by Oliver Hedgepeth, PhD
Engineering management has been hijacked by COVID-19 and not just the few months remaining in 2020. For the EM teacher, the student, and the practical practitioner, some of the rules of the game are gone. The learning objectives from the teacher’s courses need modification. The engineering economic analysis methods from such authors as Ted Eschenbach, Don Newman, and Jerome Lavelle are still the foundation of our ability to make sense of data. But, a few more new problems need to be added. Plus, one new chapter. The practical practitioner already knows what is missing from their set of tools for project management, Six Sigma analysis, every tool in their EM toolbox.
What is suspect is the data is awry; all that primary and secondary data that was so easy to collect, and so much fun to watch being made by faulty machines and faulty people. This new social distancing and wearing of coronavirus PPE impacts data collection. Workers are not at work or, if they are, the number is sparse, maybe only 25%. Cameras are recording manufacturing processes. Artificial intelligence and robotics are replacing humans in 2020 and planning for 2021 faster than ever. Humans are dying and the living ones are teaching and meeting by Zoom or other virtual reality systems. Live streaming social media communications has become common to include our very own ASEM meetings, still under way for viability.
Many businesses because of this 2020 pandemic, such as restaurants, are broken, according to Danny Meyer, one of New York City's restaurateurs. In mid-March, he closed all 20 of his restaurants and laid off nearly 2,100 employees. He stands by his belief that the restaurant business as we know it is gone. He is asking all of us to rethink what the term “restaurant” means for 2021 and beyond. What kinds of data are important and how do you collect such data? How can you, as an EM, as an analyst, help him define that term? What other businesses are undergoing redefinition and in need of our assistance?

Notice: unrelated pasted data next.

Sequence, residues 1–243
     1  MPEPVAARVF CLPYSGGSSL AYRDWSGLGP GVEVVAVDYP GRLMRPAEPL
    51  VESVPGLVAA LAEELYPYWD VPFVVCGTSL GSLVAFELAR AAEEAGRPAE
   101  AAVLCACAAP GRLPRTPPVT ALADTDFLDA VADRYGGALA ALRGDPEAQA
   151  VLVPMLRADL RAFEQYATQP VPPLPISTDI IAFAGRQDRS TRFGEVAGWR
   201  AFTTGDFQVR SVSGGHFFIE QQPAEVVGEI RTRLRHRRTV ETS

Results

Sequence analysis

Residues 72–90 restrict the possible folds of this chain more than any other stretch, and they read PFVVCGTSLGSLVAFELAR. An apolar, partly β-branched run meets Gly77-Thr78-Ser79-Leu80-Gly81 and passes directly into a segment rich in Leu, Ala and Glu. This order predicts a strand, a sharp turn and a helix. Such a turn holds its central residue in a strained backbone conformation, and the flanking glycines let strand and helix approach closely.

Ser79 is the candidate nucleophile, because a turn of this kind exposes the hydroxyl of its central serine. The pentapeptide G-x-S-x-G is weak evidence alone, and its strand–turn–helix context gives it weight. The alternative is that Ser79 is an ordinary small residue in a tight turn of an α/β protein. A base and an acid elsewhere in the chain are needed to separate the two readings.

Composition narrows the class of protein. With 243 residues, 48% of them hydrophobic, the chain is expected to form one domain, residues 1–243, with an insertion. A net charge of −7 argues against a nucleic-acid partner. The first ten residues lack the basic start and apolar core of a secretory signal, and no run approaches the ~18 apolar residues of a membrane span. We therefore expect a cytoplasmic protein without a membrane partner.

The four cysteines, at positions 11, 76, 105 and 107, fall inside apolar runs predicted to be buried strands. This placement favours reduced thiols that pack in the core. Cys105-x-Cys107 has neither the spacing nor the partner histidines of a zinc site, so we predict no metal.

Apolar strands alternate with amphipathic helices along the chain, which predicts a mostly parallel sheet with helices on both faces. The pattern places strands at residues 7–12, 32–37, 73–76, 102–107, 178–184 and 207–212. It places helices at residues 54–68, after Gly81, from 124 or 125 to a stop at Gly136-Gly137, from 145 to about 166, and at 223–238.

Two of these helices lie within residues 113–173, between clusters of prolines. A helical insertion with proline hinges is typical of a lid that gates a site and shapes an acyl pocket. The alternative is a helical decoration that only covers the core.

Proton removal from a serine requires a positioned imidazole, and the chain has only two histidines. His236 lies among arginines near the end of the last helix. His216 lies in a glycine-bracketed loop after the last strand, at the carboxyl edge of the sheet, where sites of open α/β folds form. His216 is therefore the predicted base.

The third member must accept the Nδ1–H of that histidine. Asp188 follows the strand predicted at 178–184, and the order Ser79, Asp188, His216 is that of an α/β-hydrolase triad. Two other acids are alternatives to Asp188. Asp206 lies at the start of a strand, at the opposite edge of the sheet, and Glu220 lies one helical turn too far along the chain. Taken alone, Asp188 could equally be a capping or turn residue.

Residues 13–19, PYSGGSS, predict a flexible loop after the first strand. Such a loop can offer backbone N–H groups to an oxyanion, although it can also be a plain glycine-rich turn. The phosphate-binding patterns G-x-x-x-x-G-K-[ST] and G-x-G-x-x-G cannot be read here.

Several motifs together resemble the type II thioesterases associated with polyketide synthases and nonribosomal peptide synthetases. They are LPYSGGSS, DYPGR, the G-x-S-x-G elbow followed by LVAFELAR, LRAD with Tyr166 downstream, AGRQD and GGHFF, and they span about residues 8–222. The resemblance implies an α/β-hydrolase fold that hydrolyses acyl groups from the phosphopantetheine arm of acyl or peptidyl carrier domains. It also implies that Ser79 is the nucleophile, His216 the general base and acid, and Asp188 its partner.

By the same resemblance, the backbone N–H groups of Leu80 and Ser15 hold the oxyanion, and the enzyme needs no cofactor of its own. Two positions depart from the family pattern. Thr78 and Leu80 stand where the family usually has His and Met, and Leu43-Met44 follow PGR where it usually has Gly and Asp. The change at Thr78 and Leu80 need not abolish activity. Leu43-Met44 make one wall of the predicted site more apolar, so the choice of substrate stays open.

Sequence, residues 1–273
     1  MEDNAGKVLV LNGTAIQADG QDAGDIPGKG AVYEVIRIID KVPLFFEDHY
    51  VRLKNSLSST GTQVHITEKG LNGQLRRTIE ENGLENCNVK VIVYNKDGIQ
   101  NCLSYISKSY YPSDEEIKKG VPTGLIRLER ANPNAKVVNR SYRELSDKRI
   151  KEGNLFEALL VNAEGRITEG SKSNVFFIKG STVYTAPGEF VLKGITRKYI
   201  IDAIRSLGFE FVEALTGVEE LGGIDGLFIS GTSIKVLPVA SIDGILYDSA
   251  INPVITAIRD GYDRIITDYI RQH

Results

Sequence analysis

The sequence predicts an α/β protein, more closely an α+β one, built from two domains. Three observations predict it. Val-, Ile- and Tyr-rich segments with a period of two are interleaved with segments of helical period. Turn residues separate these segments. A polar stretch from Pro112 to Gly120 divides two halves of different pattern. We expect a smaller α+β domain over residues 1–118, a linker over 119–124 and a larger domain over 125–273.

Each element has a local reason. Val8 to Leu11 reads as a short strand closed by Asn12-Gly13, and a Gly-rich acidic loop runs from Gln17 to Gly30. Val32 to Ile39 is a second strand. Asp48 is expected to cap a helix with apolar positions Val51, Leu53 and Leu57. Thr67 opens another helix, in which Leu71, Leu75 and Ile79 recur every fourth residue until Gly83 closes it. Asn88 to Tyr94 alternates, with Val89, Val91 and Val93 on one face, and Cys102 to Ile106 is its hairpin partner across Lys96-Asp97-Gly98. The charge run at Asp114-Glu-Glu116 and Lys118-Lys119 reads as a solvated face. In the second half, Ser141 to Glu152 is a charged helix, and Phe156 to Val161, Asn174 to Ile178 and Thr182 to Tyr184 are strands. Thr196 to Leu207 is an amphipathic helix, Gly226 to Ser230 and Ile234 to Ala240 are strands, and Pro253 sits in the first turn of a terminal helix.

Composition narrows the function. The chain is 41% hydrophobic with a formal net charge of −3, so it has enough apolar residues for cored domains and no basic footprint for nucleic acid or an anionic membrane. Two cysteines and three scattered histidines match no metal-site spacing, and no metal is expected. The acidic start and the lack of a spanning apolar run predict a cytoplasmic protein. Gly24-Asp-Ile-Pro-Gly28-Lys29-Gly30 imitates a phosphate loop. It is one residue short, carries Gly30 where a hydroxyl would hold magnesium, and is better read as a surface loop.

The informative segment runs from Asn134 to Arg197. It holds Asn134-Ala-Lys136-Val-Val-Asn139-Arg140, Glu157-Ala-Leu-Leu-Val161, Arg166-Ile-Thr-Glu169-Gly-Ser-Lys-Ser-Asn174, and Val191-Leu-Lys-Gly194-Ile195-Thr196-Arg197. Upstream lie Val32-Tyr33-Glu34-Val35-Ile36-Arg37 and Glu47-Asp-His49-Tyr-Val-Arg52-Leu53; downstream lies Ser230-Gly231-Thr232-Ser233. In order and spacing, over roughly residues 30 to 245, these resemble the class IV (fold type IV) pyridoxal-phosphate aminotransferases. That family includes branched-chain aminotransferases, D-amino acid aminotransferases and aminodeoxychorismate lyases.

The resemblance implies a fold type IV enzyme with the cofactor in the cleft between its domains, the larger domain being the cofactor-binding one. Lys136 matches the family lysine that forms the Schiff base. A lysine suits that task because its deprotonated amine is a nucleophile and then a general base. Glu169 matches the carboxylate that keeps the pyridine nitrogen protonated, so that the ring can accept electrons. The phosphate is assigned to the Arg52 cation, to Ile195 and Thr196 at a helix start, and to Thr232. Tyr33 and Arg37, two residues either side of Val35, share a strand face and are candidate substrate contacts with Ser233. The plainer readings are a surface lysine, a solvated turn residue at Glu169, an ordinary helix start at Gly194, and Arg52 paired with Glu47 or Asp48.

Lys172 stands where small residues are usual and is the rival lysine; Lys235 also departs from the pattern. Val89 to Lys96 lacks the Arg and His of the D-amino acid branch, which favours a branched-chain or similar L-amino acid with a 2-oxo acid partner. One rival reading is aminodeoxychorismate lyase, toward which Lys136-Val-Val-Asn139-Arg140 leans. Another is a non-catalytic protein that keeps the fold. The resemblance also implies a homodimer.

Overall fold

Robots are becoming cooks in restaurants from colleges to hamburger joints. Colleges have programs and courses and apprentices for students to understand how robots will be working with them in the future.
For you– teachers, students and practical practitioners –ask how you know you can collect good data, or visualize process behavior, or avoid the man-made chaos. Identify those new assumptions needed to solve our current economic analysis problems, and redefine what deseasonalizing data means in this pandemic and economic crisis.
We need to be discussing these emerging issues at our online ASEM 2020 International Webinar Series and the upcoming ASEM 2020 International Annual Conference and 41st Annual Meeting.
A new normal in teaching has become weaponized by a different kind of social media and human factors experience. We need to be wary of what students need. Practitioners, help!
Are you listening? See this short video for more: https://youtu.be/rbETVpBy_38
About the Author
Dr. Oliver Hedgepeth is a full-time professor at American Public University (APU). He was program director of three academic programs: Reverse Logistics Management, Transportation and Logistics Management, and Government Contracting. He was Chair of the Logistics Department at the University of Alaska, Anchorage. Dr. Hedgepeth was the founding Director of the Army’s Artificial Intelligence Center for Logistics from 1985 to 1990, Fort Lee, Virginia. His PhD in Engineering Management is from Old Dominion University.